As such, sharing hard truths with people is often as painful to send as it is to receive. But, how can a person expect to improve if they’re operating without the necessary knowledge of where they’re falling short? But this doesn’t have to be mean-spirited. In addition to delivering accurate and honest information intended to help, we also have a responsibility to deliver it in the proper way, at the proper time, for it to have the most impact. Most effective communication is as much about the “how” as it is about the “what”…

Stay tuned-in…


 

Thirty-Two

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Do you give as much consideration to the reception of your communication as you do the sending of it?

Do you consider your wording (written or verbal) and its impact?

Do you consider your vocal tone (intended or unintended) and its impact?

Do you consider your intentional or unintentional body language communication and its impact?

Do you consider the timing of your communication and its impact?

Do you consider potential assumptions others are holding when in communication with them? Assumptions about you? Assumptions about the intention of your message?

Do you consider how your credibility is either enhanced or hurt with every single communication you send?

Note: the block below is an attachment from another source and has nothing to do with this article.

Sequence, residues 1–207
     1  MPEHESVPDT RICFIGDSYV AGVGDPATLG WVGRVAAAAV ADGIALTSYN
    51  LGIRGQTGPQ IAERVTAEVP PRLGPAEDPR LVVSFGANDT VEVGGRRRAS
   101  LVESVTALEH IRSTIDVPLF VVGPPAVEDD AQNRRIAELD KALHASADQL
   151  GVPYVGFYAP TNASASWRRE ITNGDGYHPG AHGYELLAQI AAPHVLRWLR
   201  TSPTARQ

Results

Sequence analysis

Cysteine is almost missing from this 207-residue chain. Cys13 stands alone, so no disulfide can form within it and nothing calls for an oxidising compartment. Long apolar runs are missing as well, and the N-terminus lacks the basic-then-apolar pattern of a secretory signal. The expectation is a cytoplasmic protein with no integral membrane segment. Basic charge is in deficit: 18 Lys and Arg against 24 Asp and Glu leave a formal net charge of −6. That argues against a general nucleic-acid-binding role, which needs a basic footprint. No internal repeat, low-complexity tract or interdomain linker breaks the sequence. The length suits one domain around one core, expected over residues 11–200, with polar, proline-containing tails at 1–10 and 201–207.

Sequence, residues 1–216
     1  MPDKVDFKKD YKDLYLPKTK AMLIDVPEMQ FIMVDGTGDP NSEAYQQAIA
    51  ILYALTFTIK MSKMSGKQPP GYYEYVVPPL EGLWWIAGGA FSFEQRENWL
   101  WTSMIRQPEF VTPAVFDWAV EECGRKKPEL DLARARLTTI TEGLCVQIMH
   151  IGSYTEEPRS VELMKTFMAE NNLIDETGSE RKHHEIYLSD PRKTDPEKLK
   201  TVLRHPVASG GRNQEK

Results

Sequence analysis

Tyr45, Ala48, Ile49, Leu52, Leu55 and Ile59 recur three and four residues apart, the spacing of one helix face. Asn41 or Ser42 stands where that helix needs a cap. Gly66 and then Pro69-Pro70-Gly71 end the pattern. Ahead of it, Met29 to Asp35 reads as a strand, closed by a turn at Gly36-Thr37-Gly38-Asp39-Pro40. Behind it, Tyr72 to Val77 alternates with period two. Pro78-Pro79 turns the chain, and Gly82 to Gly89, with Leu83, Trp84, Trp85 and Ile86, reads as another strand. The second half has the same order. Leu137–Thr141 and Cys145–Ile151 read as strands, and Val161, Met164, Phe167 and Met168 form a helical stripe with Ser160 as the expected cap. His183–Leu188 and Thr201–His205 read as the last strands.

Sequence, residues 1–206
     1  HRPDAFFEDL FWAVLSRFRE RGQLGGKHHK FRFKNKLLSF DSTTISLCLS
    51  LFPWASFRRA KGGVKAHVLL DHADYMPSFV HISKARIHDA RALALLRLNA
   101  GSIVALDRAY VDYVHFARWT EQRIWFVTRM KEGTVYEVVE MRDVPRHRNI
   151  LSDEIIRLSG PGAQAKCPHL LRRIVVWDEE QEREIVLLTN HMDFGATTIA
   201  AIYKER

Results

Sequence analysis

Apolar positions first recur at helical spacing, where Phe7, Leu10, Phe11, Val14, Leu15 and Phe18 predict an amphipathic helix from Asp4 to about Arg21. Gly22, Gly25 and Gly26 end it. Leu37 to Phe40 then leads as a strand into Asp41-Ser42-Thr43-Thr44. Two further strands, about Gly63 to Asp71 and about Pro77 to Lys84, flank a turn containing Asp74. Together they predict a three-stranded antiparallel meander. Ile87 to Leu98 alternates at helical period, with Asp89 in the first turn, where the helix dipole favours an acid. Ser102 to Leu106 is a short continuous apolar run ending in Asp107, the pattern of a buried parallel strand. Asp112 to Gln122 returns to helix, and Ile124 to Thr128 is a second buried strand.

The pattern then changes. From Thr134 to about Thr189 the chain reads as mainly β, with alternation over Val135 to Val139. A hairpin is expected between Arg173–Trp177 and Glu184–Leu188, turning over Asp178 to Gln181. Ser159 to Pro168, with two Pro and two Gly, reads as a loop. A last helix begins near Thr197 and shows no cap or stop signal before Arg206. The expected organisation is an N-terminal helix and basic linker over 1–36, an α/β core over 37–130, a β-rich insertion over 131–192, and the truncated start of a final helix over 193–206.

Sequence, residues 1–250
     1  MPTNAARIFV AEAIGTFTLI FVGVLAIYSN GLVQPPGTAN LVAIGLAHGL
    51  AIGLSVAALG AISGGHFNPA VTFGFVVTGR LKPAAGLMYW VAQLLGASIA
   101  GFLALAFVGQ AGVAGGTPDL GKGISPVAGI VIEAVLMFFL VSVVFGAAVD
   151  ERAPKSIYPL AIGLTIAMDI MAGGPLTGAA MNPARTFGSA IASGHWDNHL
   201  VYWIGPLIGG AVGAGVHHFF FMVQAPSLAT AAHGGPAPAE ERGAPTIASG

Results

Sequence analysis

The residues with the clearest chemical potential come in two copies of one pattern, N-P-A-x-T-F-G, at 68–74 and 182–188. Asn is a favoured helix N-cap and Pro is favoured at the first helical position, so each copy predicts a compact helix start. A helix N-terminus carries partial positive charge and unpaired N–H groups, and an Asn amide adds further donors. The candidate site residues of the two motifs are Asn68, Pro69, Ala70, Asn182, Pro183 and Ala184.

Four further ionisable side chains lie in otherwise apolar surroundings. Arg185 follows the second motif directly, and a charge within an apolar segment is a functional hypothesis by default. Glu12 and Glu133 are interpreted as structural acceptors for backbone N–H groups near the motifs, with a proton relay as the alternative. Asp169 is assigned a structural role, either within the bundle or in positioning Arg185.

Do you care?

You should. 

If you don’t, then it’s good that you’re receiving this right now.

Read it again. And again, and again…

Stay tuned-in…


 

Twenty-Eight

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Problem-solving – Part 1:

It’s everyone’s job; everyday. It has to be because everyone has problems we often need others to help us solve.

The big distinction is the degree to which you and I project our problems onto others and expect them to help us solve them.

Do others become a destination for your problems, or are they an additional resource to assist you with a solution?

Part of effective problem-solving is choosing the correct response to the above question. I believe its answer is self-evident.

Don’t become someone else’s problem simply because you are unwilling to work on solving your own shit first.

Stay tuned-in…


Please share and click HERE for info on my Communichology course.

Get my articles and exclusive content with science-based insights to shiFt your communication from adequate to ass-kicking!


 

Twenty-Four

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From meltdowns in shopping malls, to breakdowns in boardrooms, to outbursts online everyday, in every possible way… individual interpersonal communication skills (or the lack thereof), have never been more visible. And skilled practitioners have never been more necessary, in-demand, and in positions of great advantage, personally and professionally.

Today’s marketplace handsomely rewards those in the minority who possess high-level human relations skills. This tangibly shows up in the form of career promotions and/or business opportunities resulting from effective relationship-building by adding value to others’ lives, endeavors, and initiatives. At the core, excellent communication shows up as selfless first…

No one “arrives” at this destination. Human relations and communication skills mastery are disciplines and daily practices that require the ongoing sharpening of the saw so-to-speak to keep these skills sharp. But it must be more than a proclamation; it must be a demonstration. You should never have to tell someone you’re a good communicator… it’s always self-evident.

Stay tuned-in…